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    $\begingroup$ IMO it can certainly be sufficient "effort shown" to have a line stating "I'm completely stuck and have no idea how to proceed". Giving this information to the answerers will likely make the answers more useful to the OP as well. $\endgroup$ – Lord_Farin May 14 '13 at 15:20
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    $\begingroup$ @robjohn My reason for wanting to close these questions was that I think complete answers to all PSQs should be prevented. My guess (which I am very confident in) is that close to all users posting such questions are attempting to learn something, whether from a book or from a course, and giving complete answers to exercises is extremely unhelpful, because it skips a large part of the learning process. Forcing people to communicate with the OP in comments encourages hints and discussion rather than complete answers. $\endgroup$ – mdp May 14 '13 at 15:21
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    $\begingroup$ Related: Etiquette for Downvoted Questions. From the top voted answer (+26 as of now): "some users thought the question was ill posed or ill suited to the site... If you disagree with those users, you have no obligation to refrain from answering the question. It's as much your right to think the question is worth answering as it's the right of those other users to think the question was bad." $\endgroup$ – 75064 May 14 '13 at 15:46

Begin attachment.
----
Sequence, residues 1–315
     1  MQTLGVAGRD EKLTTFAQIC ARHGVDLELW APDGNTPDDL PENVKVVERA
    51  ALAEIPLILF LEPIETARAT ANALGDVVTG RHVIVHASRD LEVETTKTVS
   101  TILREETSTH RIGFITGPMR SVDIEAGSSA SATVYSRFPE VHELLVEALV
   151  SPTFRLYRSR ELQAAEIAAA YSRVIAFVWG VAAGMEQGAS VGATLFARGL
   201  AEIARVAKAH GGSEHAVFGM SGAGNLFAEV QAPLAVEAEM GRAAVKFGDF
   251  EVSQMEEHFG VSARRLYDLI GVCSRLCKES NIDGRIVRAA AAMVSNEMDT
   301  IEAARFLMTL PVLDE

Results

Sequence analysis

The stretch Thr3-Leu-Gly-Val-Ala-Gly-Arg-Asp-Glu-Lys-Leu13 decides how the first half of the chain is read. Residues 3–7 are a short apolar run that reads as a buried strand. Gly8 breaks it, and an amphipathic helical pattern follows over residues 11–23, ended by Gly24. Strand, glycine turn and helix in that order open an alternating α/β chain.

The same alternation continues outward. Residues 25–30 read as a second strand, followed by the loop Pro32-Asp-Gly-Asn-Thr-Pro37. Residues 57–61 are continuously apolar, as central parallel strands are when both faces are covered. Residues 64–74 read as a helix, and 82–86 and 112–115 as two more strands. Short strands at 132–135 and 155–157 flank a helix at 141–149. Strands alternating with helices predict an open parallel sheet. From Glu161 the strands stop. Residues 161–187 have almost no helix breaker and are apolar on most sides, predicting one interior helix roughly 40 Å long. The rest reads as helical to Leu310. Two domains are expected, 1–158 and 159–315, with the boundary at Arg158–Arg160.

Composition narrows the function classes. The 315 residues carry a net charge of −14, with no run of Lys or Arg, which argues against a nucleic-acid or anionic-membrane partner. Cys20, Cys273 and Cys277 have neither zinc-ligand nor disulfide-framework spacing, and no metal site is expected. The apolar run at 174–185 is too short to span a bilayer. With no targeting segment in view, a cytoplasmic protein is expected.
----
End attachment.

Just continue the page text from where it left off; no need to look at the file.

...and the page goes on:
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    $\begingroup$ Here is my observation of the way things worked before the PSQ talks: moderators get auto-flagged that a certain user has had a lot of questions closed due to low quality, and we send them a message that their questions need to be improved (with a possible suspension). This may not have as quick a turnaround, but it certainly grabs their attention. $\endgroup$ – robjohn May 14 '13 at 16:49
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    $\begingroup$ " giving complete answers to exercises is extremely unhelpful" ---- not giving complete answers can also be unhelpful. The Educational Constructivist philosophy that a learner has to generate everything on their own to understand it can be actively harmful if it denies opportunities to see a coherent flow of ideas (vs one that haphazardly arrives at the end result) using correct calculations and logic. True model solutions are extremely valuable but unfortunately rarely available for learners. SE interface allows better worked out examples than in books, classes and solution manuals. $\endgroup$ – zyx May 14 '13 at 17:12
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    $\begingroup$ @zyx Refusing to ever give a complete answer is unhelpful I agree - but I can think of no situation where it would be strictly more helpful to instantly give a complete answer rather than a hint to a student who has no idea how to start a problem. Some time spent playing around with the problem is even useful for remembering the definitions and identifying things that one doesn't understand properly. $\endgroup$ – mdp May 14 '13 at 17:47
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    $\begingroup$ I'm not suggesting that the student should never see a complete answer, or that they should have an answer at all before they see one, but they should do something towards the problem, or they'll never develop problem-solving skills. At least some communication with the OP is necessary to determine what their needs are, and if you think they'd benefit from a full answer then so be it - but if they just post a problem verbatim then they have communicated almost nothing to you at all. $\endgroup$ – mdp May 14 '13 at 17:48